Article category: Home Care, Senior Care, Eldercare, In-Home Care, Caregivers.

Home Care Tip — Protect Your Aging Mom’s Health With Fresh, Organic Celery

Let’s face it, many holiday foods are delicious, but are not healthy. That’s why during the holiday season, many Americans gain 3-5 pounds of extra weight. That extra weight can be detrimental to our aging loved ones. Let us help them (and perhaps ourselves) shed that weight by including some healthy foods on their plates.

One of the most nutritious and cleansing vegetables is a good, old celery. Although most people choose to eat celery stalks, let us keep in mind that celery leaves and seeds are equally healthy and edible. Celery stalks are a terrific snack food. Chopped celery is a delicious and flavorful addition to fresh green salad and tuna salad sandwich. Chopped celery stalks and celery leaves, when added in the last stages of cooking — to avoid being overcooked — make a slightly crunchy and tasty addition to a fresh vegetable soup. 

Celery Nutritional Facts

Celery has a number of key nutrients (percentages are based on the RDA for adult women), and just one small cup of chopped celery contains:

          • 16 calories
          • 0 fat
          • 1 gram of protein
          • 5 grams of fiber
          • 5 milligrams vitamin K (37%)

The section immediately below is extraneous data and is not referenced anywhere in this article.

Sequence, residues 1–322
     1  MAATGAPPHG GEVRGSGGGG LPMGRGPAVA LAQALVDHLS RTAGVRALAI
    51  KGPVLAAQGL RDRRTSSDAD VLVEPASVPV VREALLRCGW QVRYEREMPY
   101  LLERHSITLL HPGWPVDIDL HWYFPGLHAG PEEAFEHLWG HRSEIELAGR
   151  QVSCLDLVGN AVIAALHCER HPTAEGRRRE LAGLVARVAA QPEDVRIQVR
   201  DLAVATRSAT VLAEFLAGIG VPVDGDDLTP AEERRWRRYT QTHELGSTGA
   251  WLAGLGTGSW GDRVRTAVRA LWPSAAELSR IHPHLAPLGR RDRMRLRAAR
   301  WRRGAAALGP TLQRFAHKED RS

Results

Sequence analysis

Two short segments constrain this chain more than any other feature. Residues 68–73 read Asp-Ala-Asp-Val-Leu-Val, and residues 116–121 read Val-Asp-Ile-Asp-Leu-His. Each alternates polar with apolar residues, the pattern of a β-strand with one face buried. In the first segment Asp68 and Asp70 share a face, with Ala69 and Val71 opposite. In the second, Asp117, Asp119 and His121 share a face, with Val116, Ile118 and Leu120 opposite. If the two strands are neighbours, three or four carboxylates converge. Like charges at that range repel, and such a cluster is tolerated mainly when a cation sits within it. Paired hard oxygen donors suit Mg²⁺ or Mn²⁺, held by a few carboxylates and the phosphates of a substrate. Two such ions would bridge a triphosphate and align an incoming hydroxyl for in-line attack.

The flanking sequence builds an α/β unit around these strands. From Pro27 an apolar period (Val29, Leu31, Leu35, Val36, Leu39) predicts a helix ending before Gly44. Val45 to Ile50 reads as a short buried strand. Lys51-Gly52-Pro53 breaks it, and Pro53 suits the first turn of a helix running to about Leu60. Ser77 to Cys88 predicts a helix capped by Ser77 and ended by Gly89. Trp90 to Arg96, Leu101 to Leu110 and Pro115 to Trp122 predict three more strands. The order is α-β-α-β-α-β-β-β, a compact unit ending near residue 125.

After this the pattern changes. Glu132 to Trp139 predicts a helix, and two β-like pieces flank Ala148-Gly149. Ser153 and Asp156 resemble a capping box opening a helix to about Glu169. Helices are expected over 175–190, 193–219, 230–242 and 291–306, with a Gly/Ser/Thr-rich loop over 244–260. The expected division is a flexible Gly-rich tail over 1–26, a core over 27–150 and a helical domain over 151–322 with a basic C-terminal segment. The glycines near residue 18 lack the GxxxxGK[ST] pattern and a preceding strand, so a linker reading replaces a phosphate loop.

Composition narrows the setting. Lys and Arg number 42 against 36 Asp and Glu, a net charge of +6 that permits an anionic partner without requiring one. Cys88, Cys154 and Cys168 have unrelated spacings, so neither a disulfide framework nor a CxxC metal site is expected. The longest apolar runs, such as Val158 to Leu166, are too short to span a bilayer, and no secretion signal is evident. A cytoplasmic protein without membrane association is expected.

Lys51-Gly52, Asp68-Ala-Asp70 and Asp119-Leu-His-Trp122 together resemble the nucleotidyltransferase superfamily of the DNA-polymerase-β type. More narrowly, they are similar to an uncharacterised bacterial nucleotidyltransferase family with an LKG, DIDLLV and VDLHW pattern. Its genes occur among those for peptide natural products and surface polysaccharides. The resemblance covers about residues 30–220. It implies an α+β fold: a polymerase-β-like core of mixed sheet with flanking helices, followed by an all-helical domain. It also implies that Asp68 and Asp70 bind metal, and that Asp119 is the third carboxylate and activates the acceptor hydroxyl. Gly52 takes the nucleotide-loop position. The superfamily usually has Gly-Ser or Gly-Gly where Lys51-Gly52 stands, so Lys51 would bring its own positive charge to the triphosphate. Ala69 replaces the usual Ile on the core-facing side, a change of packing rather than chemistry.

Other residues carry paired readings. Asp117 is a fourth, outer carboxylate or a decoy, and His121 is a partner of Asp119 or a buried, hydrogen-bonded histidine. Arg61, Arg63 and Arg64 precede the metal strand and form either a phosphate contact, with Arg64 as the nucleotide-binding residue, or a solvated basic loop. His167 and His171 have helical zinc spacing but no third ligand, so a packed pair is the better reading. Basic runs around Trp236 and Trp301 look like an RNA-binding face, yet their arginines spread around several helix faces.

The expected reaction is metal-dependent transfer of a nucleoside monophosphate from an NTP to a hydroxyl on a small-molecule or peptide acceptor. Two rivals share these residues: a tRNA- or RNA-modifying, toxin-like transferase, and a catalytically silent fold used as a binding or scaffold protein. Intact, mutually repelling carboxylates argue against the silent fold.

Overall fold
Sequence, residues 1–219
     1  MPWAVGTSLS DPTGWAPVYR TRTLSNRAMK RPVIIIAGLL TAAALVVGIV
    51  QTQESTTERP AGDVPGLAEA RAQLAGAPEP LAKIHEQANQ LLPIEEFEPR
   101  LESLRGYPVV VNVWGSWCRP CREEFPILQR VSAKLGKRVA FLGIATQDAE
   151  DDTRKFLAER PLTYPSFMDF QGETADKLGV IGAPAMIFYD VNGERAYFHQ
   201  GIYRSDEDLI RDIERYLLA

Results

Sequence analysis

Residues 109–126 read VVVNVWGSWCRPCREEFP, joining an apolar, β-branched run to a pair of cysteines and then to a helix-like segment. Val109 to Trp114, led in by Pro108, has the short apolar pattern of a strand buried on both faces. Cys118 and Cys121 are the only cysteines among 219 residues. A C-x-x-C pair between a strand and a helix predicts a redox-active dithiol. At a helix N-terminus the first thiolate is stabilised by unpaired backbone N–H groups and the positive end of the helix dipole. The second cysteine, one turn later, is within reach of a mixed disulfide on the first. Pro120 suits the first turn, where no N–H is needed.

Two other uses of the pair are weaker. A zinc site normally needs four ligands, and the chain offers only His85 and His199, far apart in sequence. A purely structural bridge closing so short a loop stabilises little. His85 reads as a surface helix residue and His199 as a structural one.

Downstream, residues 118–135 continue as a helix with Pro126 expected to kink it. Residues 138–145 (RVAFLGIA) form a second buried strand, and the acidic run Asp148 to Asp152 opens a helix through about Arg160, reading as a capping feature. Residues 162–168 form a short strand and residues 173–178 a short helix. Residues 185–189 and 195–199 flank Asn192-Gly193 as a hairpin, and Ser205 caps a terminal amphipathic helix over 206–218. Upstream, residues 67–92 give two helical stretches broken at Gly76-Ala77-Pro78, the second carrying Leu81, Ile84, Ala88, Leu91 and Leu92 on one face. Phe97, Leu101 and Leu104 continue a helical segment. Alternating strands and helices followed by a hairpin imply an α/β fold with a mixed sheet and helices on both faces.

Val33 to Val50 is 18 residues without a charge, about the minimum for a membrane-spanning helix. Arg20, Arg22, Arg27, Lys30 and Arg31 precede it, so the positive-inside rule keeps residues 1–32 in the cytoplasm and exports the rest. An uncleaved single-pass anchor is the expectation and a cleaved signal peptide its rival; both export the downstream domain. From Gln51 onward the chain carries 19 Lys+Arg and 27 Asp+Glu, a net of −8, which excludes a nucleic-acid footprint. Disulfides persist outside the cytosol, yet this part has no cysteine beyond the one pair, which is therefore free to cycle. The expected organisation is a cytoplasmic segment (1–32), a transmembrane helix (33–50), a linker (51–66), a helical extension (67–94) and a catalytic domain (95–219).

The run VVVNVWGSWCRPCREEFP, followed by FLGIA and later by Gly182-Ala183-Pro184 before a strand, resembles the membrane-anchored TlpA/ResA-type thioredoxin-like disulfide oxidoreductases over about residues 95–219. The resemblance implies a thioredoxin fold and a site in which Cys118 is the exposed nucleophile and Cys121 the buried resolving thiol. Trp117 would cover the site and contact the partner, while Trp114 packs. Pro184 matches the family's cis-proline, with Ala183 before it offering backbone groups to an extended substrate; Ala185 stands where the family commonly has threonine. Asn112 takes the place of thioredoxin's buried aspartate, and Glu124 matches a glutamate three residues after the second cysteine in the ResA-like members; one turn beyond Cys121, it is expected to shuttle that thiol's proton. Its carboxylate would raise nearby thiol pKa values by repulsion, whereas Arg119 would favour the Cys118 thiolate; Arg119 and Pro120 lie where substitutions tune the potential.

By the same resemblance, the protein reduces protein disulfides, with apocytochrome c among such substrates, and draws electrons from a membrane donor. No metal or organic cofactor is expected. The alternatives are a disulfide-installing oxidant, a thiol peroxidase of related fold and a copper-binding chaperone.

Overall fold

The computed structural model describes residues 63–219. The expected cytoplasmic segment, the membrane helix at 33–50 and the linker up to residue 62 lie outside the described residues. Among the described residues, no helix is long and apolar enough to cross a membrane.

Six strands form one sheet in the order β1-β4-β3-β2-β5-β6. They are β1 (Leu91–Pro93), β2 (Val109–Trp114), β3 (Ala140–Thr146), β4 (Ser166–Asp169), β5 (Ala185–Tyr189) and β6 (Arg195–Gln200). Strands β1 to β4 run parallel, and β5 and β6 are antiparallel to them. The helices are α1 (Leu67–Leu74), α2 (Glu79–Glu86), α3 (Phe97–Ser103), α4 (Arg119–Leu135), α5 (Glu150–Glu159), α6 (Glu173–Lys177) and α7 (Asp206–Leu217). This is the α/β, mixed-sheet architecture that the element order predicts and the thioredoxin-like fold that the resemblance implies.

• 36 milligrams folate (9%)
          • 22 milligrams vitamin A (9%)
          • 263 milligrams potassium (8%)
          • 1 milligram vitamin C (5%)
          • 40 milligrams calcium (4%)
          • 0.08 milligrams vitamin B6 (4%)

Celery Helps to Minimize the Risk of Winter Dehydration

Many of our aging loved ones experience winter dehydration. Because of the serious nature of this phenomenon, we will devote a separate article about this very issue. Meanwhile, adding fresh celery into the diet of a senior is sure to minimize the risk of dehydration. Celery is very, very water rich veggie.

Celery (organic) is a Terrific Cleanser

Because it is a fiber-rich food, celery also a terrific cleansing veggie for your aging loved one’s colon. Obviously, when a colon is clean and healthy, it increases the absorption of other nutrients, vitamins, and minerals.

Organic vs. Conventional Celery

Organic celery is free of pesticides and other chemicals conventionally used to grown vegetables. It is a well-established fact that pesticides destroy colon health. Organic vegetables are a little more expensive, but are much more healthy. Whenever possible and affordable, we recommend buying organic veggies only — especially for already compromised digestive system of our seniors. 

Fresh vs. Cooked Celery

Fresh (or raw) veggies are always better. Cooking with high temperatures (or freezing for that matter) simply kills many nutrients contained in our vegetables. Whenever possible, encourage your aging mom and dad to eat fresh celery. If they feel like having a delicious vegetable soup, try to add the celery toward the end of the cooking process. Celery is much more delicate of a vegetable than potato is. Avoiding overcooking the celery will preserve its nutritional value and will add a little crunch.

Share and Chat

Share and chat about this article with your family members. Involving them in the discussion of the many health benefits of celery, will likely improve the communication process and will increase the possibility of including more fresh celery into their diet.

Do you have a celery recipe that you could share with us? Email us today.

With ❤︎ for the Elderly…

Article topic: Home Care, Senior Care, Eldercare, In-Home Care, Caregivers.

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